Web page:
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Many inquiries into the scope of moral value try to adopt an impersonal perspective on the world—that is, a perspective that abstracts away from the particularities of our personal experience and attempts to view the world from no place within it. In contrast to this approach, I argue that our investigation into the nature and scope of moral value should proceed from a more thoroughly personal standpoint by taking seriously our moral experience and the relational possibilities that obtain among various entities.
16. Social Theory and Practice: Volume > 39 > Issue: 3
Helena de Bres Disaggregating Global Justice
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If global distributive justice or injustice is to exist, there must be something that is just or unjust: something to which the moral assessments at issue attach. I argue in this paper against one popular candidate for that role: the “global basic structure.” I argue that principles of distributive justice that target the global basic structure fail to satisfy a crucial “action guidance” desideratum and that this problem points to an alternative target that philosophers of global justice have yet to widely acknowledge. We ought to exclusively direct our principles at subspheres of global politics: disaggregating global justice for a disaggregated world.
17. Social Theory and Practice: Volume > 39 > Issue: 3
Jeremy Neill Deliberative Institutions and Conversational Participation in Liberal Democracies
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Deliberative democracy is an account of legitimacy and participation whose purposes are to produce justifiable political outcomes and to involve the citizens in productive conversations with each other. This article argues for a greater reliance on the efforts of local conversational participants in the institutional construction process. Because of their epistemic advantages, local participants are usually the agents who are most optimally positioned to construct the deliberative institutions. As such, institutionalized deliberation ought not to be seen as an orderly event that is capable of being planned out beforehand by philosophers, but rather as a complex process that flourishes when the conversation is developing—as much as is practicable—on its own.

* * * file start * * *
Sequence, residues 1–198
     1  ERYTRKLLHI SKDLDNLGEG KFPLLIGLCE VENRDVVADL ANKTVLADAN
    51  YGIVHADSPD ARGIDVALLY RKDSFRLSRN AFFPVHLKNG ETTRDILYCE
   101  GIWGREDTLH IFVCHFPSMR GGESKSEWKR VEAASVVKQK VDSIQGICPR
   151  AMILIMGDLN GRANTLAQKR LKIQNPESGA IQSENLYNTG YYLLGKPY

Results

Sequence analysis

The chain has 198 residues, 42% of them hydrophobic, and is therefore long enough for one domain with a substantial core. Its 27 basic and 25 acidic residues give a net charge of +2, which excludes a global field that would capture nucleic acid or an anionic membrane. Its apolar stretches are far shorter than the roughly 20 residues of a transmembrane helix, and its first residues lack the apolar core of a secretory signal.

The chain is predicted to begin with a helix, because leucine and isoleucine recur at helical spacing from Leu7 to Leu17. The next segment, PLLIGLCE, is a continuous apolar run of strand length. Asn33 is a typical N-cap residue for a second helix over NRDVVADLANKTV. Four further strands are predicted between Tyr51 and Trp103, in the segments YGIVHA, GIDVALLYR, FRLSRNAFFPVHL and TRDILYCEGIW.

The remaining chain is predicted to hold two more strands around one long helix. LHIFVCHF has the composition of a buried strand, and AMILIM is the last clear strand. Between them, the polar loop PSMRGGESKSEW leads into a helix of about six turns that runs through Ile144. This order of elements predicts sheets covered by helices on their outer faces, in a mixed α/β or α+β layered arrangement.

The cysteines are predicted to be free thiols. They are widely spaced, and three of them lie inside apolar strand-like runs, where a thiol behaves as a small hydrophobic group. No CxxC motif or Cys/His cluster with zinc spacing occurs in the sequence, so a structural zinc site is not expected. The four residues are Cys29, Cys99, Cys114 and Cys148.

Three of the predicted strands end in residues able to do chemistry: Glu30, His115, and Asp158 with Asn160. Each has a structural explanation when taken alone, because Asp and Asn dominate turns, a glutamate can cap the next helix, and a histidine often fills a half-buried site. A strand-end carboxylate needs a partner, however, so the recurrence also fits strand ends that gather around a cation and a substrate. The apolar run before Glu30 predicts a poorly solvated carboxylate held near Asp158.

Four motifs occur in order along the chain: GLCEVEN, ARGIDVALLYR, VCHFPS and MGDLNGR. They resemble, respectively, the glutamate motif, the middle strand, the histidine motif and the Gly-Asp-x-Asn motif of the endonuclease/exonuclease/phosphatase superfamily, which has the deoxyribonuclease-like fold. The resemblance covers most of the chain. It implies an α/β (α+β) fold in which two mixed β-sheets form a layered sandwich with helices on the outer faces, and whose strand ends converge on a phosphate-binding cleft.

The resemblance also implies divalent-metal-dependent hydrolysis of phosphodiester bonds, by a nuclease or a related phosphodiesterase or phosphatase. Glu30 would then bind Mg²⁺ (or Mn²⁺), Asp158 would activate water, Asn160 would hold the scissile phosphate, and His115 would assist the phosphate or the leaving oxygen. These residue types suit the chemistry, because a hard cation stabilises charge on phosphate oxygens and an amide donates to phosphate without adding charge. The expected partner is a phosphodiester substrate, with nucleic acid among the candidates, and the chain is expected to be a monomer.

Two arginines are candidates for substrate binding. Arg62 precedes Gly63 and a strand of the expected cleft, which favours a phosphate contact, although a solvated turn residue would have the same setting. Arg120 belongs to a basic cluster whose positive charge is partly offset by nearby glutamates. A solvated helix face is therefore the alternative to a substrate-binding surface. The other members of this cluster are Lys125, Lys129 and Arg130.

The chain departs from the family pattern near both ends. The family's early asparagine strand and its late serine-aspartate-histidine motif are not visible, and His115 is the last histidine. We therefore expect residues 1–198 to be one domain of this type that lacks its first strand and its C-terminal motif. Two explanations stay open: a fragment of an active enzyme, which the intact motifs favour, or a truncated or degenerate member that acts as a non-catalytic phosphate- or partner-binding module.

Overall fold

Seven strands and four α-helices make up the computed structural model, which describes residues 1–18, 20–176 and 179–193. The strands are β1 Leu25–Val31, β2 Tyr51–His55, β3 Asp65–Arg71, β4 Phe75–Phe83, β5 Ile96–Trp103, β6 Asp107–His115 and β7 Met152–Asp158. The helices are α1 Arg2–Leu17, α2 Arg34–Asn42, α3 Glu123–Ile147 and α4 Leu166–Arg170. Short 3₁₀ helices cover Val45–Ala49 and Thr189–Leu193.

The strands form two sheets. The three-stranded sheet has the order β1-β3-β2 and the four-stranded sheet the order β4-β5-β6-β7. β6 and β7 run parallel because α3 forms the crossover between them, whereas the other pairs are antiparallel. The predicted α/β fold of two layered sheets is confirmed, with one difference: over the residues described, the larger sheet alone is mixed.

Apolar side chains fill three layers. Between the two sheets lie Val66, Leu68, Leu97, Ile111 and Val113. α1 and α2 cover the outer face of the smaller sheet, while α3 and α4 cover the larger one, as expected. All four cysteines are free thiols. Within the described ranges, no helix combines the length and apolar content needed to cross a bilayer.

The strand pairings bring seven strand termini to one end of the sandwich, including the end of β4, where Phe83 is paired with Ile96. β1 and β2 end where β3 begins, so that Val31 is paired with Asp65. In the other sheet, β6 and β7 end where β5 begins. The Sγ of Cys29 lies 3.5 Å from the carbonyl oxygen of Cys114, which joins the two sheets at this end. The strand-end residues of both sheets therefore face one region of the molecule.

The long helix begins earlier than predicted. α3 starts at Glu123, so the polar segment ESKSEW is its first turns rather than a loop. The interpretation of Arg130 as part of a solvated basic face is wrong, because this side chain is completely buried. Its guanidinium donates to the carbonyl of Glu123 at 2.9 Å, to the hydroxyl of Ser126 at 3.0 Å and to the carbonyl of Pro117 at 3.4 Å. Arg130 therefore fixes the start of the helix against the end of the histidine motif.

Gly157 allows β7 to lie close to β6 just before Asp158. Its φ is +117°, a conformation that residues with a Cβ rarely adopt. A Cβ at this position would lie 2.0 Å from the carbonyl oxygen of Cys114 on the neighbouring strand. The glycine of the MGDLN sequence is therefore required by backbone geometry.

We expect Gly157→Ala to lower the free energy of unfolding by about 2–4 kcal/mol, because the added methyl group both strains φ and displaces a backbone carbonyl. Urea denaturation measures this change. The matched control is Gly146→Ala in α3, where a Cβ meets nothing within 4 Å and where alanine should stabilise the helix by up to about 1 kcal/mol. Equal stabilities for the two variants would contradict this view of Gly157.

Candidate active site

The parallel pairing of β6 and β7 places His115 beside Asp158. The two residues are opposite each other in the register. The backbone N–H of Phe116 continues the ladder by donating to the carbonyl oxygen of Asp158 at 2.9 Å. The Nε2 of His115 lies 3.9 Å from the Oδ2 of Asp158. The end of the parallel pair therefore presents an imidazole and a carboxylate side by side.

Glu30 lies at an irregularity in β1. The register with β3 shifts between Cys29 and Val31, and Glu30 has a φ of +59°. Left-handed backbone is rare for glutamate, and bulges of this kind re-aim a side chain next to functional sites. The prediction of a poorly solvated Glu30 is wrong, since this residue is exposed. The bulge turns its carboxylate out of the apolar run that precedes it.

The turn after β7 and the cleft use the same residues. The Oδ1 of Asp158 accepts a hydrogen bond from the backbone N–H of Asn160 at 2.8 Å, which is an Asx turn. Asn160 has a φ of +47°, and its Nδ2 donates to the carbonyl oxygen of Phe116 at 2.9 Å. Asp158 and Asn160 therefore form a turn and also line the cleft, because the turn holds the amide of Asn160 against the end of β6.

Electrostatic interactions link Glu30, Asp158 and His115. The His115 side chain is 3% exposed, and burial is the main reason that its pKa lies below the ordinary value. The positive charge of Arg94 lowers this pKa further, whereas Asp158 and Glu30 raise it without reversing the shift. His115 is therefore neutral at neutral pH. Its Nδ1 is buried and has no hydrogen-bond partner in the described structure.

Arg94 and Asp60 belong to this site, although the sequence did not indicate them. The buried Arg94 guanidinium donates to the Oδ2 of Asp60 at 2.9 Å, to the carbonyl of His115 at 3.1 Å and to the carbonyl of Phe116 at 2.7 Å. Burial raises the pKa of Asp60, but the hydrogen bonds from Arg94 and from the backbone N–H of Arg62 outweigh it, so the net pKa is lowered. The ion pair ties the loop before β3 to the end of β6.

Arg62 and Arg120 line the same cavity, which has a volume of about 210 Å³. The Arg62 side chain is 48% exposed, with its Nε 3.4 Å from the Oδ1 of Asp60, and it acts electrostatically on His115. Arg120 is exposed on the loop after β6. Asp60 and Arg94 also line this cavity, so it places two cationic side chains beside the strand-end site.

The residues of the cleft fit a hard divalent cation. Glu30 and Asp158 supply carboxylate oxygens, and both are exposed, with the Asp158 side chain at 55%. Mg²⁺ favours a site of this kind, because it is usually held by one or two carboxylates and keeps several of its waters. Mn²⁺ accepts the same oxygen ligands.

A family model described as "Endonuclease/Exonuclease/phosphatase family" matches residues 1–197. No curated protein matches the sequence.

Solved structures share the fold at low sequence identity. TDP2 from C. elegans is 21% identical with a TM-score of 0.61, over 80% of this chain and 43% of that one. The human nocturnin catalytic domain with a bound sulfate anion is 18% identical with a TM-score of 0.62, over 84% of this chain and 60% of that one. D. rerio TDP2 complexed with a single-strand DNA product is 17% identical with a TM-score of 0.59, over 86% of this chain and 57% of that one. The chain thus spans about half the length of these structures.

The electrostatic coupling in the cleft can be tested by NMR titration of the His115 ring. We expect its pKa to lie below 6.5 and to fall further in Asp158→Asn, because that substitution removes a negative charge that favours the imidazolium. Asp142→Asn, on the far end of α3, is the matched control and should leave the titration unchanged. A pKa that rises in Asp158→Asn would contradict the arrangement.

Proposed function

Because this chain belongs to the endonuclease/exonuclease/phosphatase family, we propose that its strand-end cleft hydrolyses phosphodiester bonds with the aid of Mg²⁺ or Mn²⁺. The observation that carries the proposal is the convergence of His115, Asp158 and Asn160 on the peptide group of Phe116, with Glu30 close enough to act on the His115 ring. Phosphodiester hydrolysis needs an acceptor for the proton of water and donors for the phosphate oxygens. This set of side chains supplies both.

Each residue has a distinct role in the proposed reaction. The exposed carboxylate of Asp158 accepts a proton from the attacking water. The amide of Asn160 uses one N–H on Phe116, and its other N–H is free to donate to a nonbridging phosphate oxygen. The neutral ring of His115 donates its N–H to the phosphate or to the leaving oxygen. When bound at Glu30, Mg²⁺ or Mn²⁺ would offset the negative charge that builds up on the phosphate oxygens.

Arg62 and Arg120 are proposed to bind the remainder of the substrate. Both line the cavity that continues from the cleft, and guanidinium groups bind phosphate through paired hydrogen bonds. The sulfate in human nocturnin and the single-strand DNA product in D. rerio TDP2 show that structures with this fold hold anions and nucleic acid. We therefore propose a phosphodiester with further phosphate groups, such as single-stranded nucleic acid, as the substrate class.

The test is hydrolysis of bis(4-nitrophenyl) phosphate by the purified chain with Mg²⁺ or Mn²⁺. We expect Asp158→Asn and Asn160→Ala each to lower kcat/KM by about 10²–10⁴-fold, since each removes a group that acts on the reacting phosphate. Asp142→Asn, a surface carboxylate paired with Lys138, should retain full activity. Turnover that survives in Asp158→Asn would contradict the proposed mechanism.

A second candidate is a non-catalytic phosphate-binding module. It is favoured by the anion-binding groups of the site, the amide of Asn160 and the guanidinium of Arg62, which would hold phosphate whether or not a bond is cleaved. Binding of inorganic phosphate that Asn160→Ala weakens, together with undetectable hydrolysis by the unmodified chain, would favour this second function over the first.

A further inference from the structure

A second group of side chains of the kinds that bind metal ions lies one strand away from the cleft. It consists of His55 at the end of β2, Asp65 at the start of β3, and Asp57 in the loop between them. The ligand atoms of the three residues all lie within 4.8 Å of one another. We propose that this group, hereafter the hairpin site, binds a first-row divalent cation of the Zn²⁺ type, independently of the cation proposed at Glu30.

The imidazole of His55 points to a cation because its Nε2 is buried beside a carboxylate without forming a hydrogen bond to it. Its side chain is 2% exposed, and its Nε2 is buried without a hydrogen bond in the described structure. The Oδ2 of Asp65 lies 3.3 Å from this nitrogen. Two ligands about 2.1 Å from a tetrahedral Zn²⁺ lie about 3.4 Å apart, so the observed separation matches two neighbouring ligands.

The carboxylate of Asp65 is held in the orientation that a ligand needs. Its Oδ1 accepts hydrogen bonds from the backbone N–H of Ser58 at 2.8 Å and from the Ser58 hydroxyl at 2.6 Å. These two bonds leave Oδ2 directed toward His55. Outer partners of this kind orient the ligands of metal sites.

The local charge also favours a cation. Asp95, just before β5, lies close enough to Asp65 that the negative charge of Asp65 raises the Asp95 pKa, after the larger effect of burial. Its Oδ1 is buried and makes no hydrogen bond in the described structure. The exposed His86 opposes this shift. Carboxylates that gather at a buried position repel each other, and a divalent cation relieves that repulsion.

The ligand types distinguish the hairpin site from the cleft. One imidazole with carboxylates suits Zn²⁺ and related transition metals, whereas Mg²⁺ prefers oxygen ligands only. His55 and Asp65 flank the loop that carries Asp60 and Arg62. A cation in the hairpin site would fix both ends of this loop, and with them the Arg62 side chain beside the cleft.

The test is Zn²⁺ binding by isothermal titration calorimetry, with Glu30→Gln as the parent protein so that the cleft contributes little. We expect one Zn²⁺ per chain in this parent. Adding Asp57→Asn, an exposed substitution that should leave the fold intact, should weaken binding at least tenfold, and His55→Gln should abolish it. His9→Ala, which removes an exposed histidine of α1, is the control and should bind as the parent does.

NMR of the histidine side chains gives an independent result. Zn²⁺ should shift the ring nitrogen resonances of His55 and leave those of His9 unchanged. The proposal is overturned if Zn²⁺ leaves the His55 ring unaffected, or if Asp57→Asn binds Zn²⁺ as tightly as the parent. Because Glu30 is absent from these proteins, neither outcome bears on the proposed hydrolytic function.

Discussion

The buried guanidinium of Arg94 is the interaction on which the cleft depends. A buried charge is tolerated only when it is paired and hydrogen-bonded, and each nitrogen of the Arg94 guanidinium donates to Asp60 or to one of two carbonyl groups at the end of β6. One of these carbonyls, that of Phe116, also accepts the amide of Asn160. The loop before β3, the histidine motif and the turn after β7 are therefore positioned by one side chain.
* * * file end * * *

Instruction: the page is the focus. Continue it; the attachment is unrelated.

18. Social Theory and Practice: Volume > 39 > Issue: 3
Dwight Furrow, Mark Wheeler Blunting the Blind Impress: Autonomy, Self-Reflection, and Tracking the Truth
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Contrary to hierarchical/procedural (HP) models of autonomous action, according to which reflective self-appraisal is essential to autonomous action, we argue that autonomous action essentially involves the way agents take up and respond to the normative demands of objects of care. To be autonomous, an action must track the genuine needs of some object the agent cares about. Thus, autonomous action is essentially teleological, governed by both an agent’s concerns and the object of care. It is not dependent only on the will, understood as an internal efficient causal force, and is robustly relational in a constitutive sense.
19. Social Theory and Practice: Volume > 39 > Issue: 3
Katie Stockdale Collective Resentment
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Resentment, as it is currently understood in the philosophical literature, is individual. That is, it is anger about a moral injury done to oneself. But in some cases, resentment responds to systemic harms and injustices rather than direct moral injuries. The purpose of this paper is to move beyond individualistic conceptions of resentment to develop an account of collective resentment that better captures the character and effects of the emotion in these cases. I use the example of indigenous and settler Canadians’ reciprocal resentments in response to the Indian Residential Schools and continuing political disagreements as an example of a context in which understanding collective resentment is important.
review essay
20. Social Theory and Practice: Volume > 39 > Issue: 3
Steven Wall Self-Government, Market Democracy, and Economic Liberty